After our recent feature comparing Intel’s 8th-gen Core series against AMD’s Ryzen processors, many of you have been asking us to get some older chips into the mix, with particular interest in seeing how Haswell-era processors hold up against Intel’s latest offerings.
That sounded like a good idea to us and we were also curious to see how well the Core i7-4770K has aged — we first tested this CPU in June 2013. This article should also give 4790K owners a good idea of the gains they can expect when upgrading to a new Core i7-8700K.
For a quick refresher, the 4770K and 4790K are both based on the Haswell architecture, with the former arriving in mid-2013 and the latter coming a year later with overclocked parts and a new range of chipsets. The 4790K is clocked 500MHz higher than the 4770K (4GHz versus 3.5GHz) and we can simulate that by overclocking the 4770K.
Today’s benchmark results should also be useful for Core i5 Haswell owners who are undecided between buying a second-hand Core i7 or just biting the bullet and getting a new 8th-gen processor, which also means upgrading their motherboard and memory.
Apart from the the additional 50% core/thread count and the small IPC gains Intel has made over the past four years, one of the big advantages the 8700K enjoys is its support for faster higher-clocked DDR4 memory.
Speaking of which, the 4770K will be tested with DDR3-2400 memory and that affords it a memory bandwidth of around 29GB/s. Meanwhile, the 8700K will be paired with DDR4-3200 memory which allows for a bandwidth of about 42GB/s — roughly 45% more. We have loads of benchmarks to look at, so let’s get to it…
First up we have the CPU demanding Ashes of the Singularity and for this test we used the DirectX 12 API with a GTX 1080 Ti. The resolution has been set to 1080p and likewise for all the benchmarks, though Ashes of the Singularity has been tested using the ‘high’ quality preset.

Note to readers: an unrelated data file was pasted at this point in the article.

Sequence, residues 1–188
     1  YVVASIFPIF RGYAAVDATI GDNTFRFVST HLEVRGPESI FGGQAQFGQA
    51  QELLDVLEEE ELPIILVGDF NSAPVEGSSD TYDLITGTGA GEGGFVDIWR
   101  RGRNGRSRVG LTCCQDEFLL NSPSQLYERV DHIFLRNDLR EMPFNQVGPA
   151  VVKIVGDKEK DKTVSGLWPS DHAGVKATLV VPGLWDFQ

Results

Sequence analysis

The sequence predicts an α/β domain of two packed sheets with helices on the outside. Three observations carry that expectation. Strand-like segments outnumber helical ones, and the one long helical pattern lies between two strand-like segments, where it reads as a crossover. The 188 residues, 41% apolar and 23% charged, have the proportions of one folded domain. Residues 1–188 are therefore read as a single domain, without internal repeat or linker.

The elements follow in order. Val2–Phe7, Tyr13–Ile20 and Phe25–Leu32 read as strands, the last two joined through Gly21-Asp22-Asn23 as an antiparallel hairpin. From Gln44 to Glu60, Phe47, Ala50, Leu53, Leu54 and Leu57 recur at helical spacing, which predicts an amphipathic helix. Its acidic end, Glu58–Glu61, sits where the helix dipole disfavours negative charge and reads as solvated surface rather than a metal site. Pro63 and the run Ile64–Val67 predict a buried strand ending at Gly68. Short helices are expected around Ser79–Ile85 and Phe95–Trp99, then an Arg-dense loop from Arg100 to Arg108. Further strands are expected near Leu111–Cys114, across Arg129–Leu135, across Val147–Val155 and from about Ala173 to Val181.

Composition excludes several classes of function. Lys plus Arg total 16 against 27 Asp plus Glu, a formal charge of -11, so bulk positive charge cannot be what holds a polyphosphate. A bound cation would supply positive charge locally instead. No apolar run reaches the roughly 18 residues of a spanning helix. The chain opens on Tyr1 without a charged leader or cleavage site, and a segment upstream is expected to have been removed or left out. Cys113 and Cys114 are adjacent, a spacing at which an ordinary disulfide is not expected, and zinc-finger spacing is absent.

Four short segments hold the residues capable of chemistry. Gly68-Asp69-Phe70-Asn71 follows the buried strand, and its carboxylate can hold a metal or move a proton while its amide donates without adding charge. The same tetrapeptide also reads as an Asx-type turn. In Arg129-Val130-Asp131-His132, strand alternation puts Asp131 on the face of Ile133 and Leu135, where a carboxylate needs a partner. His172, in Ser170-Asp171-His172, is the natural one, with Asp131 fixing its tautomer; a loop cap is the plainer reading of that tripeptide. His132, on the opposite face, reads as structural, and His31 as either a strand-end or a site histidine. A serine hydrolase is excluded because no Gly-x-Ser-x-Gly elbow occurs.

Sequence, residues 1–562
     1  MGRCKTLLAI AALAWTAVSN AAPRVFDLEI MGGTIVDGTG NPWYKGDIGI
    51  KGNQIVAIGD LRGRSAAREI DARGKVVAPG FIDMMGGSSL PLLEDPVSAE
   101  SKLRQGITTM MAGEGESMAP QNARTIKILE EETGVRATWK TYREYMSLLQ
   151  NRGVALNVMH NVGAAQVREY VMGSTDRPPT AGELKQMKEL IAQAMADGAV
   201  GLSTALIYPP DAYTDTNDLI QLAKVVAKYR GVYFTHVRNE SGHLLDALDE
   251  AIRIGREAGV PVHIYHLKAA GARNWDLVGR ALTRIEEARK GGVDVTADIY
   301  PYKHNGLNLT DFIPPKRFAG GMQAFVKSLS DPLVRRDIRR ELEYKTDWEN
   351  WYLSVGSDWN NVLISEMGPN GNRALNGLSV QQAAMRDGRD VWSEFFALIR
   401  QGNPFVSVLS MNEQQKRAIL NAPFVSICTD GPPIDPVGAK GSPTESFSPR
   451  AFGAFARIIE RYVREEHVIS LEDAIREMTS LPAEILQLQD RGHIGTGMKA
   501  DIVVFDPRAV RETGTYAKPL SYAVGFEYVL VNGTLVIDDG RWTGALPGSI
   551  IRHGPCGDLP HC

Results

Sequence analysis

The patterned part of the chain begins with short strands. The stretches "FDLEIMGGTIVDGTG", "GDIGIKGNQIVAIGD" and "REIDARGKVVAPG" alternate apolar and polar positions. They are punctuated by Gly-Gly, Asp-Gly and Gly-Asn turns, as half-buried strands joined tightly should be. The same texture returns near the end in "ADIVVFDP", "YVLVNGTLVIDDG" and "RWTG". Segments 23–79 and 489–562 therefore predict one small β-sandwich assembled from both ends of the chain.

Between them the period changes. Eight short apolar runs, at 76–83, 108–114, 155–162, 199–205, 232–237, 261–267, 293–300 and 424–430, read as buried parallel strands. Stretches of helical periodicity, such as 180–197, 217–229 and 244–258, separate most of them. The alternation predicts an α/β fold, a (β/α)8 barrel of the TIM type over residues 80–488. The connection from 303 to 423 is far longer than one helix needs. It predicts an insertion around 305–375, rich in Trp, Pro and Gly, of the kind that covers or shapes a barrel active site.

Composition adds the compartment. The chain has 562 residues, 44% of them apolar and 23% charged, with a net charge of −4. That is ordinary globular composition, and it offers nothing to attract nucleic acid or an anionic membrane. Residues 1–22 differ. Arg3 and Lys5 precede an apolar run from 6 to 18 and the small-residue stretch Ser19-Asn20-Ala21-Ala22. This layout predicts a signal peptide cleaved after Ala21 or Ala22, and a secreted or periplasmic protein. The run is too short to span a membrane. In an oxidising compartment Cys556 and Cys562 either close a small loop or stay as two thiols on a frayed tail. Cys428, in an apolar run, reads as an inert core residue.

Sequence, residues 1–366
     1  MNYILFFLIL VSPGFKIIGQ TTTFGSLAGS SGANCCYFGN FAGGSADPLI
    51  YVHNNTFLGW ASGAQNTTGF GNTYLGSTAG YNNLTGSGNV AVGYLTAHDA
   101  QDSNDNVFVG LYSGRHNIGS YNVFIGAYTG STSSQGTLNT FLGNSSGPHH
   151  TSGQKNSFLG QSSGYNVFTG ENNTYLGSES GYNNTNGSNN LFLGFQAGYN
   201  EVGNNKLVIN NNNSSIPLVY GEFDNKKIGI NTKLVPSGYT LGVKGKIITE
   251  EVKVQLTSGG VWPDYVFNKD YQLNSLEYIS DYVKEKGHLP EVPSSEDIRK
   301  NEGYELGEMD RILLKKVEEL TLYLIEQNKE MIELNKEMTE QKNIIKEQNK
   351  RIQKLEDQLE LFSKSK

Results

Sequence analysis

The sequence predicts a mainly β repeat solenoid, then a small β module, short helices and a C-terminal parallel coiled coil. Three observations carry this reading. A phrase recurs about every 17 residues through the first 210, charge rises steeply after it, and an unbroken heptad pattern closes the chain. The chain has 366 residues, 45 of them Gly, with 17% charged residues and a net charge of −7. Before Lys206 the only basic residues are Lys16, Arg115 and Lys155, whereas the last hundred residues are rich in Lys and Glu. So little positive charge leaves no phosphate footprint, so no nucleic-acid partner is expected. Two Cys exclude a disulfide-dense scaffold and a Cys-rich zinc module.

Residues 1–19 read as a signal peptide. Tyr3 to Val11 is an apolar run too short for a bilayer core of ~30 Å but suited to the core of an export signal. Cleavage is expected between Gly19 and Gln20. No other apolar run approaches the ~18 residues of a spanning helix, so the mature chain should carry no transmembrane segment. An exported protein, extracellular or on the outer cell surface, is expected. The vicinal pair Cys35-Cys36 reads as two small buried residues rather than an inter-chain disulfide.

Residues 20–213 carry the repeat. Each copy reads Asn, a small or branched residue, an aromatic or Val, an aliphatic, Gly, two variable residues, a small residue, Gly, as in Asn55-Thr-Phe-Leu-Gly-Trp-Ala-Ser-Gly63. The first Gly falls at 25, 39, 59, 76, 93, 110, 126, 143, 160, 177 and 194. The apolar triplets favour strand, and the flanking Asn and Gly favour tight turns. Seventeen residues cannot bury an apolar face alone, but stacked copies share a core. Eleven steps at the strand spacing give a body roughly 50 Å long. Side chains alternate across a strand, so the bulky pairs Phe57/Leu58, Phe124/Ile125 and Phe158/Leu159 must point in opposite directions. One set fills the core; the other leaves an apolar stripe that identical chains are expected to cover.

Here we see that prior to any overclocking the 4770K is able to outclass the 7600K, though it was 14% slower than the 7700K. Surprisingly overclocking had little impact on performance and even at 4.6GHz the 4770K was 25% slower than the 8700K.
Unsurprisingly, in a game that can utilize the 8700K’s extra cores it does enjoy a decent performance advantage. Ashes of the Singularity is one of the few titles out right now that takes advantage of processors with more than eight threads, so I don’t expect to see this kind of a margin in many, if any of the other games I’ve tested with.
Moving on, we have the Battlefield 1 results and here we have another CPU-demanding title. As you can see, the 7600K gets hit really hard here for the 1% low result, dropping down to just 79fps and while that’s still a high frame rate, the 4770K at it’s stock 3.5 GHz operating frequency was much faster at 96fps. Once overclocked, the 4770K managed a minimum of 113fps, placing it on par with the 7700K.
However, the faster DDR4 memory allowed the 7700K to push the 1080 Ti to higher frame rates at times and therefore it achieved a higher average frame rate. The 8700K wasn’t much faster though. When compared to the overclocked 4770K, it was just 12% faster for the minimum frame rate, though it was 18% faster for the average. I should just note that the frame rate cap was removed for this test, so we’re at the limit of what the 1080 Ti can do here.